He notes that House leaders were planning to block the Taft-Ellender-Wagner long-term housing bill in the Banking & Finance Committee of the House, chaired by Mr. Wolcott.

Detroit police had questioned former UAW president R. J. Thomas regarding the shooting of his rival, UAW president Walter Reuther, but nothing had come of the investigation.

Lee Pressman, former CIO general counsel, might become a third-party Congressional candidate in Brooklyn.

Marquis Childs tells of one more major piece of legislation on the agenda for the 80th Congress, that being to establish the relationship of the U.S. to the Western European Union. Senator Vandenberg, as chairman of the Foreign Relations Committee, would be the determining force behind it.

The drive in Congress to revise the structure of the U.N. to eliminate and at least reduce the veto power on the Security Council, as well to affirm the concept of world government, had two sources of support, those who were idealists and those who saw the move as an opportunity to drive Russia from the U.N.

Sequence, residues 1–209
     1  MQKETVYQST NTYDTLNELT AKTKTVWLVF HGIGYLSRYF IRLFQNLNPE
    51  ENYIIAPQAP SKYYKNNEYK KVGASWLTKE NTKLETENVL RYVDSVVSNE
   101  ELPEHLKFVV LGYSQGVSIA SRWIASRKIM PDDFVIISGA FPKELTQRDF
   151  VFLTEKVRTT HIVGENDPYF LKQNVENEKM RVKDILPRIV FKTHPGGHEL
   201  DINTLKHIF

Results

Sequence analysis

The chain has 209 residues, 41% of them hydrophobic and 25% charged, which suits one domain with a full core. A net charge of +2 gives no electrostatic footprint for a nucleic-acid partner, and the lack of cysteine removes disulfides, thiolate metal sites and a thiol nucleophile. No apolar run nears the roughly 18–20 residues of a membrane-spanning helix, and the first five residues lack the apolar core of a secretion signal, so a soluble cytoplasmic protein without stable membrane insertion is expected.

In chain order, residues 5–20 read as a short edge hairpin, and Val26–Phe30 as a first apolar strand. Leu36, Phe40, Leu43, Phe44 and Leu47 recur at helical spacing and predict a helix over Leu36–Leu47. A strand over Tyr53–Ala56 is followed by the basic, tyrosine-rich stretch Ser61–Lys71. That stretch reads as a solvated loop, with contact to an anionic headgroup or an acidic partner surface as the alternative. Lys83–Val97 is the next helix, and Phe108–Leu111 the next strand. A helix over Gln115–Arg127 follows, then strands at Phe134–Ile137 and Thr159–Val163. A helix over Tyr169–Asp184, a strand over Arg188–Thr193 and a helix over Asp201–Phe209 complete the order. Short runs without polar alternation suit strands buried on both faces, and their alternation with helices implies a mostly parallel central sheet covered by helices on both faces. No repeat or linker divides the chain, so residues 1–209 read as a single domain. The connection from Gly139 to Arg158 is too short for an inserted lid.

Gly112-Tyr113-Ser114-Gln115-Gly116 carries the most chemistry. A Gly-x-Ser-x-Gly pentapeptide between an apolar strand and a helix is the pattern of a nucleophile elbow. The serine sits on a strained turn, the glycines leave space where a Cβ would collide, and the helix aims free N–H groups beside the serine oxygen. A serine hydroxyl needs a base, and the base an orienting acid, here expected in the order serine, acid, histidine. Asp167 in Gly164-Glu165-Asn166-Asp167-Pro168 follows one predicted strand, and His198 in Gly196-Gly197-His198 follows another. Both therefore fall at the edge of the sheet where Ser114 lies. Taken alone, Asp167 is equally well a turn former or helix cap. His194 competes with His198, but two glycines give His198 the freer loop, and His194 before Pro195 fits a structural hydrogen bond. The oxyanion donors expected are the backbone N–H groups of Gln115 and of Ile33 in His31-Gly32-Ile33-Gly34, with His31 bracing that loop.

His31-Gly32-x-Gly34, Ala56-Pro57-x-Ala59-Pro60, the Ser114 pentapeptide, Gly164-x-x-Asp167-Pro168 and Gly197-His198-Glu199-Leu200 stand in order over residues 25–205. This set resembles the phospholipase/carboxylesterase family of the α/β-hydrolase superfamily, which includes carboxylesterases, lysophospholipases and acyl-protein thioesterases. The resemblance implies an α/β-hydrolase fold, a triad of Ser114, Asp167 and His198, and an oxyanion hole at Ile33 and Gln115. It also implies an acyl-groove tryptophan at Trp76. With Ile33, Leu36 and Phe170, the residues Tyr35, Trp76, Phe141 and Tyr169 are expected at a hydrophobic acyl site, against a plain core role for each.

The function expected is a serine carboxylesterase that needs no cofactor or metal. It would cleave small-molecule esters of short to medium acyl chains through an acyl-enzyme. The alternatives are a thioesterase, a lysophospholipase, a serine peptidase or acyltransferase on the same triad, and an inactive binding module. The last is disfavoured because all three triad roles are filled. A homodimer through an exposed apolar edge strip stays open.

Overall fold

Secretary of State Marshall had recently told the Committee that such a change would only pave the path to war, creating two rival alliances between East and West.

Senator Vandenberg and Secretary Marshall saw eye to eye on foreign policy and so the final resolution would be close to the Secretary's thinking, "copper-riveted, just as was the ERP, to insure the acid test of acceptance."

Senator Vandenberg also got on well with Congressman Charles Eaton, chairman of the House Foreign Affairs Committee.

Mr. Childs opines that the Republican convention could not afford to ignore Senator Vandenberg for his critical contribution to the establishment of bipartisan foreign policy.

Samuel Grafton asserts that the efforts of Congress to eliminate the veto power of the U.N. Security Council were futile, as the veto was integral to the original approval of the Charter. Even if Russia left the U.N., it would still exist in the form of Russia's armed opposition.